Gov. Christie sends a market-calming message on bankruptcy and New Jersey, this time

New Jersey won’t be putting up the “Going Out of Business” signs any time soon, according to Governor Chris Christie.  (Holt, New Jersey Newsroom)



Christie signs 9 bills into law, including measure to improve fire safety at New Jersey colleges

Legislation aimed at improving fire safety at New Jersey colleges is one of nine bills that have been signed into law by Gov. Chris Christie.  (Hester, New Jersey Newsroom)



Don’t let lawmakers play us for chumps, Christie tells Middletown crowd

The public needs to pressure state legislators to enact health care and pension reform this year, before the state digs itself further into a financial hole, Gov. Chris Christie told more than 200 people who braved Wednesday’s snowstorm to hear him speak.  (Penton, Asbury Park Press)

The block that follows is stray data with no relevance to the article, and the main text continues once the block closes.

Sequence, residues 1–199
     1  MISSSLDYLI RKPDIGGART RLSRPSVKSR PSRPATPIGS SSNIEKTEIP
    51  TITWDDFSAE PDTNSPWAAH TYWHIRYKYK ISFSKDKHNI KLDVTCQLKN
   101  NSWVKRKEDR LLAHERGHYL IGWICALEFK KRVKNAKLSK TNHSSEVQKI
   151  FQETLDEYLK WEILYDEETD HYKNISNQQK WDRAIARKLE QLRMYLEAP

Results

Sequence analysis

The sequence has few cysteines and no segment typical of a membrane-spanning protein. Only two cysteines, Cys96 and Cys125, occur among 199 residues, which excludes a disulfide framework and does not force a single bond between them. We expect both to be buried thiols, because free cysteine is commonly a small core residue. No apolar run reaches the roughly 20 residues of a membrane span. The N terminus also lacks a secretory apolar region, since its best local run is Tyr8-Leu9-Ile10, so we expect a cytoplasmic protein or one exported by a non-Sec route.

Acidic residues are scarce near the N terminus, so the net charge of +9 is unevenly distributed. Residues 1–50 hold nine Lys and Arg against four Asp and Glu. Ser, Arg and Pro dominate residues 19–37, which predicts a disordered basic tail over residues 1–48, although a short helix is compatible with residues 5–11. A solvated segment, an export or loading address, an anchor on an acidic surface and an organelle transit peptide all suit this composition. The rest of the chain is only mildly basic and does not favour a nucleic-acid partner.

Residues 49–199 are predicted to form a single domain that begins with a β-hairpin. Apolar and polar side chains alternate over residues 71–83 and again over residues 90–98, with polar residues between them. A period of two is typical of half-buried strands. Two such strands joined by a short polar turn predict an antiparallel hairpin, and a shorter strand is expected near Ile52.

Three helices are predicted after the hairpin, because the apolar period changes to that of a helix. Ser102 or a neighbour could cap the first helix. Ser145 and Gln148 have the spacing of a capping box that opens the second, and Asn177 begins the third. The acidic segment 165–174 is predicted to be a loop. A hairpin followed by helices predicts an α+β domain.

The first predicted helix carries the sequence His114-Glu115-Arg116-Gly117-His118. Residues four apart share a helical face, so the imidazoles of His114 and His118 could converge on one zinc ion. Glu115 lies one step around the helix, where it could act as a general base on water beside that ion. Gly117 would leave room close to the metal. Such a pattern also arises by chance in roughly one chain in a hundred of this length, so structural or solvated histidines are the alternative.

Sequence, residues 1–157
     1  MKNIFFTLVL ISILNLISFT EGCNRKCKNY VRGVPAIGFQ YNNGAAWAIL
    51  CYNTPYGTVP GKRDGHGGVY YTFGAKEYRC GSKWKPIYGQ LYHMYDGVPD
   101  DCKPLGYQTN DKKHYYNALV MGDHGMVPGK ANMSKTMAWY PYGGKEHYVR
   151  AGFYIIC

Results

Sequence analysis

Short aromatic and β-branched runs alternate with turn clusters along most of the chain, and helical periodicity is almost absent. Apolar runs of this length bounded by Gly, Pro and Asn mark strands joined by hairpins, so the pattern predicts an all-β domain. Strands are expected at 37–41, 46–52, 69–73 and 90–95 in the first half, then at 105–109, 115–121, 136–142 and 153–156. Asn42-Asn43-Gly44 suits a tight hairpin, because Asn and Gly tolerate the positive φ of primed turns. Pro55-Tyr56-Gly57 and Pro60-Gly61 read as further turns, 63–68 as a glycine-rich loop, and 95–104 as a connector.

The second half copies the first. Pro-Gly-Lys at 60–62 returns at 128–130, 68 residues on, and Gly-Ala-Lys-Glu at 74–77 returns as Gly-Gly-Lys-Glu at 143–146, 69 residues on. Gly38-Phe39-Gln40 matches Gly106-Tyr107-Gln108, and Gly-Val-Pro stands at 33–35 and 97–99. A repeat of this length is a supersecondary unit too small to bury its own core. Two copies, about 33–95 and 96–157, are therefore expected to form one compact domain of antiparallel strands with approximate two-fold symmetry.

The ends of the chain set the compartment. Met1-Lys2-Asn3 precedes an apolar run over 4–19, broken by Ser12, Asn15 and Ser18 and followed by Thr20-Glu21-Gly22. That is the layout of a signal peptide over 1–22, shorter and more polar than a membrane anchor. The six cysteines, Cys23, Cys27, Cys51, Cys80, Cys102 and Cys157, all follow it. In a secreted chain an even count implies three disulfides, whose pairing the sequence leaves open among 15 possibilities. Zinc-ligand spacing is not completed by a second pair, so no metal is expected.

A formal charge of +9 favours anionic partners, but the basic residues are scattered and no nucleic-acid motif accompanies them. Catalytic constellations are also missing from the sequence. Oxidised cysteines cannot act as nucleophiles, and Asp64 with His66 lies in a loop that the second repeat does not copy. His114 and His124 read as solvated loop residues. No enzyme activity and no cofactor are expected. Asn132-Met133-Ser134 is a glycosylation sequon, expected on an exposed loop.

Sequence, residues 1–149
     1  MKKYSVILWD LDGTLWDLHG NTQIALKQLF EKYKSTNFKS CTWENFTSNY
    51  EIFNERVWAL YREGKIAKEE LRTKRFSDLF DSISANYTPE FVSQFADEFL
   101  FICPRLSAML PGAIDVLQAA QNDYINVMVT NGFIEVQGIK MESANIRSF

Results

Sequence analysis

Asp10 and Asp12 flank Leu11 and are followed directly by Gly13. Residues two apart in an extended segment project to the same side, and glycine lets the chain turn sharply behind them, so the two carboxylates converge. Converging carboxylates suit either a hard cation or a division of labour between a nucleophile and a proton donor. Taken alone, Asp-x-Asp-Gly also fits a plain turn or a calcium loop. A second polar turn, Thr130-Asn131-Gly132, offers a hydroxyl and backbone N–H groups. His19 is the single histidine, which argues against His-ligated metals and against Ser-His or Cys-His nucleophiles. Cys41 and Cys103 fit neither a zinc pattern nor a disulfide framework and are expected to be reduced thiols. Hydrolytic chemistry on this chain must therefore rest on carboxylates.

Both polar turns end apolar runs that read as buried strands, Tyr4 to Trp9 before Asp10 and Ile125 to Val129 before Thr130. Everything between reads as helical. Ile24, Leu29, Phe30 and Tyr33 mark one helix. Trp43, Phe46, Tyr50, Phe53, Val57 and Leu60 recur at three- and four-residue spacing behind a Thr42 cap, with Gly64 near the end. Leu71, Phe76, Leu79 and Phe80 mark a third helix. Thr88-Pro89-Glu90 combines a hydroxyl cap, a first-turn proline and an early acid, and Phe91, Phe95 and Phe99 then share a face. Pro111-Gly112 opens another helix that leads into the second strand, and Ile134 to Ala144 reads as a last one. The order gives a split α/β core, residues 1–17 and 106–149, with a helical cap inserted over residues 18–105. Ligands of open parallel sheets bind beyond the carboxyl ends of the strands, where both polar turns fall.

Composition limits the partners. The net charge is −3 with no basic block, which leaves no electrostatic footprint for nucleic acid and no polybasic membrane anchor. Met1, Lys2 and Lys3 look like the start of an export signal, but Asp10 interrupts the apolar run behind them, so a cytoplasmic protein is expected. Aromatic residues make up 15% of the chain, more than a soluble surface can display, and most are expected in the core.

Christie cites Parsippany police perks as reason to control ‘runaway’ salaries

New Jersey cannot succeed unless it follows fiscal discipline and enacts education, health-care and pension reform, said Gov. Chris Christie to over 200 people who weathered Wednesday’s snowstorm to attend a “town hall-style” meeting in the township.  (Penton, New Jersey Press Media)–runaway–salaries



Illinois governor fires back at Christie: We don’t need advice from some guy from Jersey

Desperate states try desperate measures, so the governors of Illinois and New Jersey are feuding over whose battered economy deserves more jobs.  (Tyrell, New Jersey Newsroom)



When presidents focus on education, states focus on implementation